Kay Thompson : A Pioneer in Pants

Publicity material, 1951

Publicity material by Lynton Richards Kistler , 1951

Unless you love the Eloise books or frequently watch the 1957 film Funny Face you might not know the name Kay Thompson (1909-1998).  She was a well known entertainer from the thirties on, with a long list of achievements: singer, night club performer, vocal coach, song writer, music arranger, dancer, choreographer, actress, and author.  In the fashion world, she gained brief fame as the choreographer for the Americans in the famous fashion show in Versailles in 1973 that pitted New World designers against their established French counterparts.

But here’s an accomplishment that surprised me: Thompson was a vocal advocate for women in pants. An entire chapter of a recent biography by Sam Irvin, Kay Thompson: From Funny Face to Eloise (2010) is devoted to her trial blazing fashion choices. Already in the 1930s, she appeared in publicist materials for her vocal group wearing pants. When she established her career in nightclubs in the 1940s, pants were her most frequent outfit, a far cry from the slinky dresses worn by other chanteuse.  Her favorite style stopped well above the ankle, a cut that came to be called Capri pants. Thompson claimed to have thought them up herself before they became well known in the fashion world.

New York Times, 1952

Los Angeles Times, Oct. 17, 1952

In the early 1950s, Thompson even launched her own line of pants, produced by a subsidiary of Evan Picone and sold exclusively at Saks Fifth Avenue.  Above is the only ad I found for them—looking longer and looser than the ones Thompson herself favored.  “Something magic in the cutting keeps them smooth as skin whether you sit, stand or do set-ups,” the ad copy reads.

Still from Funny Face, 1957

Still from Funny Face, 1957

According to Irwin, the pants that Audrey Hepburn wore in Funny Face were from Thompson’s line.  And Thompson, playing a high class fashion editor, wore her own pants in the film as well.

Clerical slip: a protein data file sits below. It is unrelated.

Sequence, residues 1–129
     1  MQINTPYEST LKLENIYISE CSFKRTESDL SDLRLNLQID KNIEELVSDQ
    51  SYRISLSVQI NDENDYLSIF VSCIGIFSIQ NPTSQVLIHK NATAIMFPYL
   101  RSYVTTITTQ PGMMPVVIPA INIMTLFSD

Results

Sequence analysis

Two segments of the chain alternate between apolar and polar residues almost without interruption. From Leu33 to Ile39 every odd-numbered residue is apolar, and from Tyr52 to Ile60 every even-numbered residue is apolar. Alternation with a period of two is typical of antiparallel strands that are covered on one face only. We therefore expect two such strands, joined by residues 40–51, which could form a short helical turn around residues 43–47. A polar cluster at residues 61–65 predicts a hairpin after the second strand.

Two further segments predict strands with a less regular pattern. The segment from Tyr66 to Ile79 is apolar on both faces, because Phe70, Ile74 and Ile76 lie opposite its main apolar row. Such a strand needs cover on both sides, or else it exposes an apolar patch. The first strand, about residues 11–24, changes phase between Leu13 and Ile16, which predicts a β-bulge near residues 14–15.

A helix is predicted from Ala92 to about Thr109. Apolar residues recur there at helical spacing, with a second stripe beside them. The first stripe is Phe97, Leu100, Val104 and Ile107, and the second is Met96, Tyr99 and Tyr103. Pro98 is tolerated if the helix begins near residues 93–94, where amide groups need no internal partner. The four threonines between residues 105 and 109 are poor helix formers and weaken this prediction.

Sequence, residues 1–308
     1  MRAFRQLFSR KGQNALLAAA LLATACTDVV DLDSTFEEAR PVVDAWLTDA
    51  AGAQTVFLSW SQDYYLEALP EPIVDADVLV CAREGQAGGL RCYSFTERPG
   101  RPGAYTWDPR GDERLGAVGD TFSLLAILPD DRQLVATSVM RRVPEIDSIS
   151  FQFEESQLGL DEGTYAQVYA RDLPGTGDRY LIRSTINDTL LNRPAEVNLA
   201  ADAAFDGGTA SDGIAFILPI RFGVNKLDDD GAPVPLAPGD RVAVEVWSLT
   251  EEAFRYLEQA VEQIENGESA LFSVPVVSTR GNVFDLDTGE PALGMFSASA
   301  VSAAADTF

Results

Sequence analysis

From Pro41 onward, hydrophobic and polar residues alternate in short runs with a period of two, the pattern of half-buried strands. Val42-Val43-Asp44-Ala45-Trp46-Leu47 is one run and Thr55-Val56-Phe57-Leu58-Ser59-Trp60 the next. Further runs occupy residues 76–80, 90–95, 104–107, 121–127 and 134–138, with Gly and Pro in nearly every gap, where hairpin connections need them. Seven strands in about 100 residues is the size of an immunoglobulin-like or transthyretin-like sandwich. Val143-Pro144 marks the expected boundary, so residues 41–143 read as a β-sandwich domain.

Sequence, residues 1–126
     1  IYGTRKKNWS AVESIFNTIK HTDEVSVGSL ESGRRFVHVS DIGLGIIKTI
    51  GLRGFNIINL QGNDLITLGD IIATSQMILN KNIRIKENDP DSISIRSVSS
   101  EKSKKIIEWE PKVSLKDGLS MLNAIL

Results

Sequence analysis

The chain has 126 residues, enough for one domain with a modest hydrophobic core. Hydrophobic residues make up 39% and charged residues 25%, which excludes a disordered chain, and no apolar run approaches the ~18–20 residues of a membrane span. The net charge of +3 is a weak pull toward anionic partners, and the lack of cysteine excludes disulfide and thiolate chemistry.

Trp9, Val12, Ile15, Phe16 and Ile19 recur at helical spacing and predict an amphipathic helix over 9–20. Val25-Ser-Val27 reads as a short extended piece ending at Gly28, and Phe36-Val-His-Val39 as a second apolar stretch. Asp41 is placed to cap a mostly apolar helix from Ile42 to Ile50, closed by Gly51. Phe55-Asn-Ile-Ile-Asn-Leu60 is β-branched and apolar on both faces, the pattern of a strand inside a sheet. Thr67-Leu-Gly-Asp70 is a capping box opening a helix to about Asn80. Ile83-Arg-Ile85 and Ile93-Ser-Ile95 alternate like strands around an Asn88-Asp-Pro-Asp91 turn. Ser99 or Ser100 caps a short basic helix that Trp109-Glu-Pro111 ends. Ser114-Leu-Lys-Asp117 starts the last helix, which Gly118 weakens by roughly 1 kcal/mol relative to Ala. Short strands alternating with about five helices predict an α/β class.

Hilary Knight's 1996 portrait of Kay Thompson for Vanity Fair.

Hilary Knight’s 1996 portrait of Kay Thompson for Vanity Fair

When Hillary Knight, the illustrator of the Eloise books, paid homage to Kay Thompson in 1996, just before her death, it’s hardly surprising that he drew her in pants.

This entry was posted in 1930s, 1940s, 1950s, 1960s, 1970s, 1990 and tagged . Bookmark the permalink.

5 Responses to Kay Thompson : A Pioneer in Pants

  1. Carol in Denver says:

    We who sew are still looking for that “something magic in the cutting” pants pattern.

  2. Funny Face remains a long-time favorite of mine! I really enjoy Kay Thompson in it.

  3. Lizzie says:

    It would be interesting to know if the Kay Thompson line of pants had her name on the label.

  4. eimear says:

    love the gamine look of Audrey Hepburn in those pants..

  5. Jen O says:

    Interesting article on Thompson. I did not know that she also claimed to have designed the pants worn in Funny Face. Legend is that the skinny style fitted flat front, back zip pant made famous by Hepburn, Monroe and other’s came from Jax, a very popular boutique in Beverly Hills that was owned by Jack Hanson. Rudi Gernreich was the original designer starting in 1952 at that store, so it’s thought that Audrey was wearing Rudi’s fitted pants from Jax. There are quite a few who claim to be the first women’s slacks designer, but as early as 1947 slacks were the largest volume garment produced in California, so it was definitely a big competitive industry here with many designers at work. Nice to have Thompson’s point of view.

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